Monday, July 15, 2024

Fast-tracked consents to deliver 14,500 jobs, says Environment Minister

The fast-track consenting process has delivered promising results over the past 18 months, including referrals for projects that will boost jobs and bring economic benefits across the country, Environment Minister, David Parker said today.

“At a time when the country needed a mechanism to generate jobs, build houses and infrastructure swiftly and provide investment certainty, the Fast-track process has delivered,” the Minister said.

Around 14,500 jobs and 7,000 homes are likely to be created around the country, he said.

“Nineteen projects have already had consents granted by expert consenting panels. One referred project has been declined, a number varied and many have had appropriate conditions added – all promptly.”

“Thanks to the fast-track process, a new, fit-for-purpose hospital in Dunedin will be built much sooner and a new road in Queenstown is underway that will reduce traffic congestion.

“The Picton ferry terminal will be significantly upgraded, to accommodate larger, lower-carbon ferries.

“This demonstrates the Government’s commitment to investment in our regions.

“Our main centres have also benefitted from this process through much needed transport and housing projects,” he said.

The fast-track process has seen a shared walking and cycling path connecting Wellington and Lower Hutt approved. The project will provide a safe, low-emissions transport option along a major commuter network, Mr Parker said.

“I also welcome the recent decision by an expert consenting panel to approve the Drury Central and Paerata Stations project. This will significantly improve access to rail services, which will help reduce traffic emissions and congestion on busy South Auckland roads. It is expected to create up to 370 full time equivalent jobs over the lifetime of the project.”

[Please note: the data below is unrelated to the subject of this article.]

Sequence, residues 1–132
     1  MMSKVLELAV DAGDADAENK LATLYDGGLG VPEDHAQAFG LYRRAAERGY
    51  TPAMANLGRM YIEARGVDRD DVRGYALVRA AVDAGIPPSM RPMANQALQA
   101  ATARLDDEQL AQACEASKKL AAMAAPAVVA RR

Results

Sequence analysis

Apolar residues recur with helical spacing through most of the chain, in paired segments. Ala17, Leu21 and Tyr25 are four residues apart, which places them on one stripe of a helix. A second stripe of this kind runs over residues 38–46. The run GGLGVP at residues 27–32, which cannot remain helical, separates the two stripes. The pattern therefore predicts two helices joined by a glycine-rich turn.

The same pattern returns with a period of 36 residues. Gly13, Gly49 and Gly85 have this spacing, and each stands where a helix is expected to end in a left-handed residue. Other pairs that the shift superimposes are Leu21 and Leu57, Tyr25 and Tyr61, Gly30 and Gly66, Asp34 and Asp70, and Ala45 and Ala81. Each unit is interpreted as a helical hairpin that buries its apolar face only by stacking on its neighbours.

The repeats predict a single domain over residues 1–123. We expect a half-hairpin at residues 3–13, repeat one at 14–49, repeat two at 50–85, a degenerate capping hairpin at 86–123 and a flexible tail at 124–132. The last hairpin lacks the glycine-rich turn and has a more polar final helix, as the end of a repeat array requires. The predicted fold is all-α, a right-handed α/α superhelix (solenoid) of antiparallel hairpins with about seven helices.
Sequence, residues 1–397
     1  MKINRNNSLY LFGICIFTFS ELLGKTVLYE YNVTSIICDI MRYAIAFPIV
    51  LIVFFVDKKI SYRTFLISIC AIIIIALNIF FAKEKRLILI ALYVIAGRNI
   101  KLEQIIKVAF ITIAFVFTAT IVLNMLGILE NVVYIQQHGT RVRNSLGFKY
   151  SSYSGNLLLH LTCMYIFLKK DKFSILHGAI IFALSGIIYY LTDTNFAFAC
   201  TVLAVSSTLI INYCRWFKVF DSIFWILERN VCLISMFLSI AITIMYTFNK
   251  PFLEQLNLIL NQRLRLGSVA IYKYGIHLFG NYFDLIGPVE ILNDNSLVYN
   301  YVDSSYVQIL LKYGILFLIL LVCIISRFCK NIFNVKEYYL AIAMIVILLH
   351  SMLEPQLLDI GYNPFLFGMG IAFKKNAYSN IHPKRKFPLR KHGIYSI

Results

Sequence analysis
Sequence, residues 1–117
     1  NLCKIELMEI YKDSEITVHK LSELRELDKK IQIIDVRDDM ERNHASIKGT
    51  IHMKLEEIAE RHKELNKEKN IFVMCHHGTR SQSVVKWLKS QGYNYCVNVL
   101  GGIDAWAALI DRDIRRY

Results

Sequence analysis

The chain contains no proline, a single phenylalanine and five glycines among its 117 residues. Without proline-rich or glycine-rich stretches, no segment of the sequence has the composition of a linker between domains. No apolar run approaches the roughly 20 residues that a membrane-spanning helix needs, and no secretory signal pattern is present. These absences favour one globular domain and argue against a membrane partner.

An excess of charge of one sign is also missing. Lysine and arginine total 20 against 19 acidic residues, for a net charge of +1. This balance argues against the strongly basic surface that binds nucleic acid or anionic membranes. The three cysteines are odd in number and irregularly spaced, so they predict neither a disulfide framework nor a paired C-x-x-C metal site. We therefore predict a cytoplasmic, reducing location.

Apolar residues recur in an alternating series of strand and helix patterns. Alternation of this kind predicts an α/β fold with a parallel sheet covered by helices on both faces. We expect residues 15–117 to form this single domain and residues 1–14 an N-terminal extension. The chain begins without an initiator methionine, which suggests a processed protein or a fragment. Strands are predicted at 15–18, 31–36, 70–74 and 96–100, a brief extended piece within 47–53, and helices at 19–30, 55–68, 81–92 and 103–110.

A number of large housing developments in Auckland, Canterbury, Otago and Hawkes Bay have all been referred via the process.

Applicants estimate that using the fast-track process saves an average of 15 months per project, the Minister said.

To date, 38 applications have been approved by the Environment Minister and been referred to an Expert Consenting Panel.

“I have declined to use the fast track referral process for a number of proposals where I thought more public input via normal processes was more appropriate,” Mr Parker said.

The COVID-19 Recovery (Fast-track Consenting) Act 2020 was introduced to boost jobs and speed up infrastructure development, while protecting environmental outcomes by applying the normal RMA environmental tests, in response to the economic impacts of COVID-19.

“The Government is reforming the resource management system, a once in a generation opportunity to establish a system that is fit for the future and places the environment at the heart of New Zealand’s development and wellbeing.”

Consideration will be given to whether some form of the fast-track system should be carried forward into the new system. If it is, there needs to be a person in authority taking the somewhat subjective decision of what projects ought – and ought not – to be able to use the fast-track process, the Minister said.

“Currently those screening decisions are taken by the Minster for the Environment, but that may not be practical for the future, and other ideas are welcomed,” he said.

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